Yazoo’s Only You seems to be a staple of ukulele groups. That’s not a bad thing – it’s a good song (as long as you can rid your minds of the Flying Pickets), but a little… …safe? …nice? Well following on from the synthpop theme of the last post, I thought it might be good to lob this one out there, just as a reminder that both Yazoo and Alison Moyet are somewhat more than that one song.
It’s often forgotten that – at the time – Yazoo were real groundbreakers. Vince Clarke had just left Depeche Mode after their first album, and as the main songwriter in the band in those early days there were question marks over both their future, and what Clarke would do next. Few probably expected him to team up with an earthy blues vocalist like Alison Moyet, but in hindsight it seems such an obvious thing to do. Blending Clarke’s cold, precise synthetic keyboard and percussion sounds with a real, bluesy, soulful vocal, courtesy of Moyet, was a marriage made in heaven. And although it only lasted for little more than 18 months it set a template that has been repeated again and again ever since, not least in the diva sounds of dance and house music.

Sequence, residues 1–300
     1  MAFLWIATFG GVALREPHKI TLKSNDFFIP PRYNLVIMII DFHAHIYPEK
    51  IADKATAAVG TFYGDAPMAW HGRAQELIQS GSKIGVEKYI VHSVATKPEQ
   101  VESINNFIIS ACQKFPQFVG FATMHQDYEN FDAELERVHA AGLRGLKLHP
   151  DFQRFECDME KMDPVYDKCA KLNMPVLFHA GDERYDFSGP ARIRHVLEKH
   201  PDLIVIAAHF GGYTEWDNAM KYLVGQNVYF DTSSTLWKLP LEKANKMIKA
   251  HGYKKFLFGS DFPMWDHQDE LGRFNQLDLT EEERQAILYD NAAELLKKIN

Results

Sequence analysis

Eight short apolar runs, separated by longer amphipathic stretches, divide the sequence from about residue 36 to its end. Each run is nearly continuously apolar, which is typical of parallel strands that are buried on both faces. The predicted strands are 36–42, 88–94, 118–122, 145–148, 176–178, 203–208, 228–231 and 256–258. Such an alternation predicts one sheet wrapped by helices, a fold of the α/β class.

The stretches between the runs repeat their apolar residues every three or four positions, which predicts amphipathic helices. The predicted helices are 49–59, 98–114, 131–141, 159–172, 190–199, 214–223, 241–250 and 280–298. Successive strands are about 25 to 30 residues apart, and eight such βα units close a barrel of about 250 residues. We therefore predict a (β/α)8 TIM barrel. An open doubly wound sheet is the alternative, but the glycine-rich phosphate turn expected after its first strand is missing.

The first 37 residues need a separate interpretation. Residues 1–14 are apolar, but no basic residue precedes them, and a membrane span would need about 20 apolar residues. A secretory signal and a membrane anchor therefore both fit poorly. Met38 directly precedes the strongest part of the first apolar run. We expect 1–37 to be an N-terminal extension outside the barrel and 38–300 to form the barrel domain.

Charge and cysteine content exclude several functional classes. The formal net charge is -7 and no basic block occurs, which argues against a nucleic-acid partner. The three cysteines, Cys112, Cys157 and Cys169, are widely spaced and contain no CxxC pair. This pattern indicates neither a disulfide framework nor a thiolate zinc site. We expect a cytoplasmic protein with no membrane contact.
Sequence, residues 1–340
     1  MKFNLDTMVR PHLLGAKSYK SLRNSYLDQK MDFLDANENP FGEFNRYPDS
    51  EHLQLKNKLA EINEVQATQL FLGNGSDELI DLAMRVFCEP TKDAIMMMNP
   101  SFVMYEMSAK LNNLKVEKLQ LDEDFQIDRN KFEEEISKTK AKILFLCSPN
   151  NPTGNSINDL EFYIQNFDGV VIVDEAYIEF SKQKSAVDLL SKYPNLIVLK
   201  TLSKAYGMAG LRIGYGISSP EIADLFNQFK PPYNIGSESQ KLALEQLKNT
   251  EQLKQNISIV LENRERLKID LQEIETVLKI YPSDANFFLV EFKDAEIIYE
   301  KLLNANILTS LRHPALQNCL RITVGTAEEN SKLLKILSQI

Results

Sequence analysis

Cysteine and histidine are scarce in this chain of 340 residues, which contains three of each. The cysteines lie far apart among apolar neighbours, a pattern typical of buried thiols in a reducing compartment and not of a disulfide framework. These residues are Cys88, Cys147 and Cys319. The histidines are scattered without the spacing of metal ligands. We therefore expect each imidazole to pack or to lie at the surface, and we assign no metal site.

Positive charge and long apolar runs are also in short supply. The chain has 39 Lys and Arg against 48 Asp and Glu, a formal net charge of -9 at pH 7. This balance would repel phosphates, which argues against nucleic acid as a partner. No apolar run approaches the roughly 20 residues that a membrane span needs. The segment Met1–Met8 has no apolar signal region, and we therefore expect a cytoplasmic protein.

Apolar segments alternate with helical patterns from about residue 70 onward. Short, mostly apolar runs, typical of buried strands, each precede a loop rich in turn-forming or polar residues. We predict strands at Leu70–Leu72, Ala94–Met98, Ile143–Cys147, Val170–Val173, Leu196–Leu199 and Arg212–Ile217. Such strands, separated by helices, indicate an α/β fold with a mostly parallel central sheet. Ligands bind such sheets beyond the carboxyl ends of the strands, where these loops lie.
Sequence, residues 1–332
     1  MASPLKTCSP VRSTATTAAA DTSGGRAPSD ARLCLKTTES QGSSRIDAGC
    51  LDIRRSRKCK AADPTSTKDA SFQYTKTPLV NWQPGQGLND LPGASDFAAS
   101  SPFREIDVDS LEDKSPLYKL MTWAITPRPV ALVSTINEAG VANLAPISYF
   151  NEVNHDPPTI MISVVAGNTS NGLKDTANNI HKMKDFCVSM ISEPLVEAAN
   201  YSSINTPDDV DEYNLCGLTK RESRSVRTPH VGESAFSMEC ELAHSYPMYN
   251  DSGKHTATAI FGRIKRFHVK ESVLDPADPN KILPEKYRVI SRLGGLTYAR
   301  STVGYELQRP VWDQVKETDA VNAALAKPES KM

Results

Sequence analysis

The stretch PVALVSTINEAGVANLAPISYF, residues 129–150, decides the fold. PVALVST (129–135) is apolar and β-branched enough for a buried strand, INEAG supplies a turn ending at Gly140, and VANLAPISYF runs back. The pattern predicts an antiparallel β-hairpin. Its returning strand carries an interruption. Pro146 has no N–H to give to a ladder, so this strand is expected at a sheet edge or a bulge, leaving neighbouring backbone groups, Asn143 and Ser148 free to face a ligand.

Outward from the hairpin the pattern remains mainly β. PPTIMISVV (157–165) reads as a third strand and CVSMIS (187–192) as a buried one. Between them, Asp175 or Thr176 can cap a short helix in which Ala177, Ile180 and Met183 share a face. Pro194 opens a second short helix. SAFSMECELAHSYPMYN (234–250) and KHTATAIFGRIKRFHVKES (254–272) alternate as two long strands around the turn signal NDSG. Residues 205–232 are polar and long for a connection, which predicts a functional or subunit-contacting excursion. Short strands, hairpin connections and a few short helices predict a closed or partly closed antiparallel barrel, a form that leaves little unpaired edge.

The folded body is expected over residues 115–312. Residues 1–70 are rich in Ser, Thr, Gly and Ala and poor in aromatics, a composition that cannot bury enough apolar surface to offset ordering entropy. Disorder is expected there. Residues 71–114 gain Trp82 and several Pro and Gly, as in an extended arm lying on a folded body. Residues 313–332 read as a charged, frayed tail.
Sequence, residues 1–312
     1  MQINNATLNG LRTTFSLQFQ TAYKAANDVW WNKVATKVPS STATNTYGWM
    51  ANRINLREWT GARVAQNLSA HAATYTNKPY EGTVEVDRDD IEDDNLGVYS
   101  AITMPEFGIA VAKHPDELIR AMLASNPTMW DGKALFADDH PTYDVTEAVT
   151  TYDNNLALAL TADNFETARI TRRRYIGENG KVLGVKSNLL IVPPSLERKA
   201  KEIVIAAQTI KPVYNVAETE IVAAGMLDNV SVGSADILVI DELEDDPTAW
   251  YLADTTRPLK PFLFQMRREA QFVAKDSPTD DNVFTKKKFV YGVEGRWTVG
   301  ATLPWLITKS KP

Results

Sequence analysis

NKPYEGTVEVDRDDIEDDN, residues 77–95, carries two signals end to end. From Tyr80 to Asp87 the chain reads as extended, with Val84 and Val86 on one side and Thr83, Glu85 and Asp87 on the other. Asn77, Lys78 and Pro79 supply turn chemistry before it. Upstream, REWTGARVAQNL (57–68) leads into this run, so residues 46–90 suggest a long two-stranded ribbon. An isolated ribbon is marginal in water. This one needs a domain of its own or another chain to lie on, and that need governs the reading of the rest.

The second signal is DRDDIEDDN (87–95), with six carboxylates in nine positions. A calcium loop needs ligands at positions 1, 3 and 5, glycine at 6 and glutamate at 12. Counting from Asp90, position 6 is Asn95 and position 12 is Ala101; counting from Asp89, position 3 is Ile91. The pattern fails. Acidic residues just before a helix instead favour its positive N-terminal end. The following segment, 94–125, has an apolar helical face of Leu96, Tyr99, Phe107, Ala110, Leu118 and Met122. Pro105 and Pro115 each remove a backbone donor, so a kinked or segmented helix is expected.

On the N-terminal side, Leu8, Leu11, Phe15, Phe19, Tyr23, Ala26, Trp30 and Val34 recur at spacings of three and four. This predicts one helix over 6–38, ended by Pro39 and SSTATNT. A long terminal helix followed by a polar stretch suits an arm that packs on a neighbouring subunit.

Situation was one of those songs that showcased Moyet’s voice to the full (and she still sounds great now). Widely acknowledged as a dance-floor classic, Situation was originally the b-side of Only You, appeared on the debut album Upstairs At Eric’s, and was a huge dance-floor smash in the US (number 1 in the dance charts). Listening to it now it sounds so familiar (not just itself, but in terms of the records that it has influenced) yet at the time it was like nothing else. The pulsating synth sounds and relentless percussion lay a foundation for Moyet’s rich, raw vocal.
So perfect for the ukulele then?! Well, I think so. It definately needs some kind of funky or rhythmic strumming to give it legs, so it’s not one for the standard strumming brigade. But give it some feeling, preferably a nice soulful vocal on top, and you can really make this one fly. Here is an example of the kind of result you might get. The song sheet is probably more of a starting point than something to be slavishly followed – there’s plenty of scope here for lots of improvisation and arranging. Enjoy!